However, the reversal of that gender gap more recently, and the experience of dispossession of the Scottish Unionists, from being the only party to ever win a majority of both Scottish votes and seats in the 1950s, to being marginalised by Labour and then the Scottish nationalists within a couple of generations, shows too the stark, kaleidoscope-shifting political effects of social change when parties fail to respond or adapt.
The central lesson from history is that there is no political determinism in demographic change. Previous predictions have often quickly shown their date – from the sociological tracts asking ‘Must Labour lose?’ in the 1950s and 1980s to the obituaries for the Tory party after 1997 - or breathless dispatches from the Rose Garden about a Cameron-Clegg permanent realignment.
Demographic change shifts the social and political context in which leaders make decisions – but it is how parties respond that makes the decisive difference. Facing short-term pressures to hunker down and secure their base, at least, each side of the political spectrum currently finds it easier to articulate the barriers than the opportunities. The real questions may be less whether to modernise or not, but about the range of different paths that attempts to build broader support might take.Nobody in 2013 can guess which party might show the political imagination to craft a future majority. That leaves the future of British politics unusually up for grabs.
In the Grummidge West office of my political hero, J Alfred Prufrock MP, are a series of computer programmes, each one more elaborate and expensive than the last. All of them are named after figures from the Arthurian legends - BEAUMAINS, EXCALIBUR, GUINEVERE, MORDRED, etc. None of them work. And all of them were purchased at the insistence of CCHQ.
They whirr, stutter, malfunction, chew up canvass cards, lose invaluable information in the wastelands of cyberspace, spontaneously shut down - and explode, endangering the heath and safety of Prufrock's employees (Mrs Prufrock) and occasionally blowing the roof off the consituency office. There is a lot of desperate shouting down the phone from the CCHQ helpline along the general lines of "Put EXCALIBUR into GUINEVERE" and "Plug MORDRED into BEAUMAINS", and so on.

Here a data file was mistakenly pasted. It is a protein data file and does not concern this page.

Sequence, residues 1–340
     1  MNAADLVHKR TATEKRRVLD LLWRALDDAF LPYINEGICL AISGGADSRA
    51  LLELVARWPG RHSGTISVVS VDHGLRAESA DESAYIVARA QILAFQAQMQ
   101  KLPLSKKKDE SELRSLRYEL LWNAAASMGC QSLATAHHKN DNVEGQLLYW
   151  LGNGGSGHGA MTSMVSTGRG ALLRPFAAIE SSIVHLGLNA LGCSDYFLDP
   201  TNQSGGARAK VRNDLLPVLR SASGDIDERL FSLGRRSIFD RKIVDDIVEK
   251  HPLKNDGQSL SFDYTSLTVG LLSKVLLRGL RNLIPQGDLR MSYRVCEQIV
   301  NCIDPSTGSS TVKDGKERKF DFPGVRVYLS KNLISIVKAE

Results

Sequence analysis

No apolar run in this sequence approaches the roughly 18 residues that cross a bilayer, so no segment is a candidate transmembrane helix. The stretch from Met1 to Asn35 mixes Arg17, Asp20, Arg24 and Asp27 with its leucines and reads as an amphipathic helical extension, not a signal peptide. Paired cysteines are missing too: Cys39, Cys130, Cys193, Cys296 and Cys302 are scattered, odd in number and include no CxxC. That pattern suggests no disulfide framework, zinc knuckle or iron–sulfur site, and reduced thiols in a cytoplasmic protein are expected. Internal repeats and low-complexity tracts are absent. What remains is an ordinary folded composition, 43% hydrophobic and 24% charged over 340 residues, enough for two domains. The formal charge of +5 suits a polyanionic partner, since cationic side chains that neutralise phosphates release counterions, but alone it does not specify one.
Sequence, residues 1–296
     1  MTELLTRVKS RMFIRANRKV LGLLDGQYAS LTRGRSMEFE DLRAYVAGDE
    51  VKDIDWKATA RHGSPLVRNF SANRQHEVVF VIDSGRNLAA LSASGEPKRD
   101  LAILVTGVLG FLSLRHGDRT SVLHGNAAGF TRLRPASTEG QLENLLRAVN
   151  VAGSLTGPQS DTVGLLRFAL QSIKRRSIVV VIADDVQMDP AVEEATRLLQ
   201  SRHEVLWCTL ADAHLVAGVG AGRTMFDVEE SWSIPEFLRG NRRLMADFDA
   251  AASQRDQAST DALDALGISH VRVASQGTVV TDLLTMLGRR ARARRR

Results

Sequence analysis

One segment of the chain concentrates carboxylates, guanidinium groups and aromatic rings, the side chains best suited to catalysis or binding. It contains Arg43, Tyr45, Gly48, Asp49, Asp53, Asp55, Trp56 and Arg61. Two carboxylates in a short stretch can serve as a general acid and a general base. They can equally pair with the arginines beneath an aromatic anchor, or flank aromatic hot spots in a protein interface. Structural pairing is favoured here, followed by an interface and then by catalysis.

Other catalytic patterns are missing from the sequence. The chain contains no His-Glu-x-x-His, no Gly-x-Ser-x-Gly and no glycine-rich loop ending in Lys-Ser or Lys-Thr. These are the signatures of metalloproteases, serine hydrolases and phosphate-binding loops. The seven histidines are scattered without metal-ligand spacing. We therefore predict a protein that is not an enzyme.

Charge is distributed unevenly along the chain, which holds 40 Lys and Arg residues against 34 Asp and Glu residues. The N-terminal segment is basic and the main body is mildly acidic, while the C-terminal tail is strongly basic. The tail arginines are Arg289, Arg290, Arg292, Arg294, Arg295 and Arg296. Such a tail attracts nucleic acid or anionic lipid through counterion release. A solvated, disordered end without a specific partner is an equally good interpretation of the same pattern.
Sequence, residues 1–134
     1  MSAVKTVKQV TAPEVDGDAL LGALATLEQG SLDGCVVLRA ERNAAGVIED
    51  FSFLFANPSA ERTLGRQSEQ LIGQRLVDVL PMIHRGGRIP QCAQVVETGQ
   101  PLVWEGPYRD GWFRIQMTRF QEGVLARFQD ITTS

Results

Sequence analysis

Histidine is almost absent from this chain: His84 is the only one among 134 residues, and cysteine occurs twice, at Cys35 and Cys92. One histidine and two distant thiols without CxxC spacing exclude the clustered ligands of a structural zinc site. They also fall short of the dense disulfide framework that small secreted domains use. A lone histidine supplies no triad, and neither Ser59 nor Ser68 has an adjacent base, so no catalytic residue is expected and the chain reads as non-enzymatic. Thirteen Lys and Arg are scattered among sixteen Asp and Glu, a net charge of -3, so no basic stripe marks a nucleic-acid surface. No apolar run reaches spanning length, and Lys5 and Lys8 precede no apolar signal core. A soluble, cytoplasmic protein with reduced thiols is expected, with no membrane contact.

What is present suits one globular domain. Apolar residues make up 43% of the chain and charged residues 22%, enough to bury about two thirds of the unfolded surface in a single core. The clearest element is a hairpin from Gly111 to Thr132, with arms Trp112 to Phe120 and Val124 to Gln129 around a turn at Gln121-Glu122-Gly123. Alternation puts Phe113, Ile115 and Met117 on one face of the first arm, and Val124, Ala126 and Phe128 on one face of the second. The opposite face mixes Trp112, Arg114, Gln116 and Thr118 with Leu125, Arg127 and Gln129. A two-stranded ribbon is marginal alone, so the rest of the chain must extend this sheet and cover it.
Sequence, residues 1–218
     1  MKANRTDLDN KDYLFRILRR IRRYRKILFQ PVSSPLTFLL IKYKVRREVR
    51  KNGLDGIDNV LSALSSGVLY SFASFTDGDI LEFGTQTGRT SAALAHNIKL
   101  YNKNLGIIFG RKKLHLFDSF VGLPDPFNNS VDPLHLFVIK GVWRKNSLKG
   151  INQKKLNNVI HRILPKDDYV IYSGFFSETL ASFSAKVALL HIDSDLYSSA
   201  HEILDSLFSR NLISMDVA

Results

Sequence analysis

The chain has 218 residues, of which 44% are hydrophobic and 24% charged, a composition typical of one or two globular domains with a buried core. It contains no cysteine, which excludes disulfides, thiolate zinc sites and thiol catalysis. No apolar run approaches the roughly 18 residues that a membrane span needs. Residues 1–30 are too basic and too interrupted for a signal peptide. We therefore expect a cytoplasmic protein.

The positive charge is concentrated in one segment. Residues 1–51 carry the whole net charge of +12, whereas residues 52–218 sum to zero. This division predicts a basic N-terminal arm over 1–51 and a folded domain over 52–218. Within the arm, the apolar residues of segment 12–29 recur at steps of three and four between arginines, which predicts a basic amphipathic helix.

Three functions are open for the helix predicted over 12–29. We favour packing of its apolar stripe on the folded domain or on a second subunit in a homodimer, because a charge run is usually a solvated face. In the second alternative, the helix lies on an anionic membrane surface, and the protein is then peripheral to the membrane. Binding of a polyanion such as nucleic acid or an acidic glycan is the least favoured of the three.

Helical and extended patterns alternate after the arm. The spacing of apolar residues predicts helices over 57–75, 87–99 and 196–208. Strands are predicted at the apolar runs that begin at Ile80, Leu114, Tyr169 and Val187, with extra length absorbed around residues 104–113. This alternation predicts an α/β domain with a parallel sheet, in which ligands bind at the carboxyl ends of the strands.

There is obviously no resemblance whatsoever between this cautionary tale and the real-life Merlin computer system. None the less, the Express has quoted party activists as describing it as "rubbish", "absolutely bloody useless" and "totally hopeless", Harry Phibbs referred recently to its problems on this site, and the Times (£) has described its failures during the Eastleigh by-election. The company which owns the system is allegedly bust, and CCHQ is having to patch up its problems in-house.
It may seem like small beer to write about a computer system in the aftermath of four other pieces about Cabinet organisation, marriage tax policy, the Whips' Office and utility rip-offs, but canvassing is ineffective if there are no proper canvass cards (for example). Grant Shapps is well-aware of the problem, but David Cameron should also be taking an interest.
Lower earners are being hit by rising energy costs, as are those who aren't earning at all - such as retired people on modest incomes whose savings are getting little return. Unemployment carries a heavy human cost with it, especially in times of low growth and diminished opportunity. But inflation can also drive fear and anxiety: prices have been rising more rapidly than some would expect, given our recent low-growth economy. The price of filling up a car or paying a quarterly utility bill is a driver of resentment among those hard-pressed voters who David Cameron needs to win back if he's to stand a chance of winning in 2015.